Monday, April 8, 2013

The Tale of Raphi and the Lost Wedding Ring

My husband Manny actually lost his wedding ring on our honeymoon. It's true. We were swimming in the Dead Sea in Israel, which has such a high salt content that you can almost float sitting up. A little wave passed by, as Manny explains it, and plucked the ring right off his finger. Down, down to the bottom of the Dead Sea. Someone was snorkeling nearby and offered to search underwater for the lost ring. The salty water made it hard to stay submerged for any length of time, and he ultimately searched without success. "I have many rings in my tent," the snorkeler offered, but my husband turned down his offer and left the ocean discouraged.

Sinking down onto our towel on the sand, Manny told me what had happened. After finally being convinced that my husband was not playing a practical joke on me, I urged him to seek out the snorkeler. The snorkeler introduced himself to us as Raphi. He lived on the beach, he said, and made money by finding what people had lost in the sea. One bus of Christians drove up and threw every bit of  their jewelry into the Dead Sea before continuing on their journey, Raphi explained. He lived off of that for months. His dream was to one day join his friend who lived on a beach in California.

After entertaining us with his stories, Raphi once again invited us back to his tent. "I have many wedding rings in my tent. Would you like to look at them?" he asked. We assented. In his tent, Raphi opened up a little box filled with gold wedding rings of every size, shape, and design. Most of them had inscriptions from other brides to other grooms or from other grooms to other brides. But there was one wedding ring that fit my husband's finger perfectly. 24 karat gold, no design, no inscription. Since Manny's original wedding ring was only 18 karat gold, this ring was even better than he had before.

We asked Raphi how much he would be willing to sell the ring for, but Raphi turned the question back on us. My husband thought deeply, pondering for what seemed an inordinate amount of time. He told me later that he felt he was being asked to place a value on what our entire marriage meant to him. By far the more practical one, I blurted out, "100 shekels!" which was worth about 25 U.S. dollars. "I cannot say no to 100 shekels," Raphi replied, and the deal was done.

When my husband and I returned to the United States after our honeymoon ended, we had his new ring blessed by a priest, who delighted in our story. And when Manny's co-worker took a trip to Israel and the Dead Sea, we asked him to look for Raphi on the beach. Manny's co-worker found no sign of Raphi there. Manny and I wondered if Raphi had finally followed his dream to California.

Then it struck us that Raphi was a common nickname for Raphael, the patron saint of marriage. The Archangel Raphael gained his reputation as a defender of marriage through a well-beloved story in the Old Testament Book of Tobit. In this story, the angel Raphael disguised himself as a human in order to convince Tobias to marry Sarah and help defeat the demon who had killed all seven of Sarah's previous husbands on their respective wedding nights. Was Raphi really only a beach bum? We'll never know. But it's awfully fun to wonder.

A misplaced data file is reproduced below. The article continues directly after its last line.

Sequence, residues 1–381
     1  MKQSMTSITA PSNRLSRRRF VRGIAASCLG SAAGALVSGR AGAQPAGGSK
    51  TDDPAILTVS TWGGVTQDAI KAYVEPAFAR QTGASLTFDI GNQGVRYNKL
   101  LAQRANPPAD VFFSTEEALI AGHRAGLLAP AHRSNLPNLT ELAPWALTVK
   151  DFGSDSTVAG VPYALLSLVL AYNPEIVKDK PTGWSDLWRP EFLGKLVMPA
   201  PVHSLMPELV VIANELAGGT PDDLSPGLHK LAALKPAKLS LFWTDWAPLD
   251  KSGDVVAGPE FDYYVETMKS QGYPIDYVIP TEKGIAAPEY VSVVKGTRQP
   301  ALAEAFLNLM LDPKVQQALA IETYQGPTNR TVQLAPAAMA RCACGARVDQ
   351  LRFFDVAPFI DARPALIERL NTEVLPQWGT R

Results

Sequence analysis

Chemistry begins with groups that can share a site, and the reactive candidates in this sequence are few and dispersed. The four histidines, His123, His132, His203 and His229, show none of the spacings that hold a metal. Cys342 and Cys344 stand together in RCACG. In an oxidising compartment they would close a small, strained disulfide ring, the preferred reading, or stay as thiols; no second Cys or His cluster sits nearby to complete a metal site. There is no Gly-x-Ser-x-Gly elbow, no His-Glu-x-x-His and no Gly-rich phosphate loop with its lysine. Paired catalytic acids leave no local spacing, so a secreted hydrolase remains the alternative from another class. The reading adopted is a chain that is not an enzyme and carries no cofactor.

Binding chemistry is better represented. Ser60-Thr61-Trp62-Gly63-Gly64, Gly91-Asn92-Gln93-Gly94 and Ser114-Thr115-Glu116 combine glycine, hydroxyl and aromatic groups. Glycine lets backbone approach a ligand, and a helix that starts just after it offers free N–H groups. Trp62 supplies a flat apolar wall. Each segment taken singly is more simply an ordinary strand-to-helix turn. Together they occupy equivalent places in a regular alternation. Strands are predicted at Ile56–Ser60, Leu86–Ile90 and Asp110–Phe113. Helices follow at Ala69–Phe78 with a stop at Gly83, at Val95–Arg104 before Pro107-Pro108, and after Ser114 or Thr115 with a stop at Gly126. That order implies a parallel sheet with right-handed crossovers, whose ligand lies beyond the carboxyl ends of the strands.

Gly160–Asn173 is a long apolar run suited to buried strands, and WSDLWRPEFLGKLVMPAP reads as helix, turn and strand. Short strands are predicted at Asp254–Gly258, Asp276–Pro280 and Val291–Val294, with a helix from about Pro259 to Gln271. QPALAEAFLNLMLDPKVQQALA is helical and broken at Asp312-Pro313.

Readers:  Do you have a story about your wedding ring?  Share it in the comments!

Photo 1 Credit: Jeff_Werner via Compfight cc; Photo 2 Credit: Boby Dimitrov via Compfight cc; Photo 3 Credit: Tobias and the Archangel Raphael by Jean Charles Cazin


  1. That is a great story! Reality is truly the most creative storyteller.
    My ring is a family heirloom; my great grandparents lived into their eighties; one was deaf one was blind near the end of their lives and they depended on each other for their existence. They died within one week of each other. My ring was lost three times: once in a garbage can wrapped in glove at work, once on a beach, and once in my office. All three times, it was found against all odds. The third time was the most peculiar. I used to wear it on a gold chain with a medal of Mary. One day the chain broke without me knowing; I was devastated by the loss. I had no idea where it was. Exhausting searches were unsuccessful. I thought it was gone forever. My mother told me to pray to St. Anthony, so I did, not expecting much. A week later I was crawling around on the floor looking for something else and found it: the ring was there in the middle of the floor all by itself with no sign of my chain or the Miraculous Medal.I just decided that it was a sign, God wanted the chain and medal but I needed to have the ring since I was not done using it yet. Next year will be the 100th anniversary of my ring according to the inscription. As an object, it is simply a hunk of precious metal. As a symbol, is a physical manifestation of the bond between a married couple; several married couples actually, one that promotes life and love as higher level goal. During marriage we may lose that symbol every once in a while; inherently it is a difficult situation to meld two individuals into a partnership as one. If the spirit lives on so will the union, and what was lost will be found.

    Much love

    Sharon G.

    1. Sharon, thanks for your awesome story! Truly beautiful.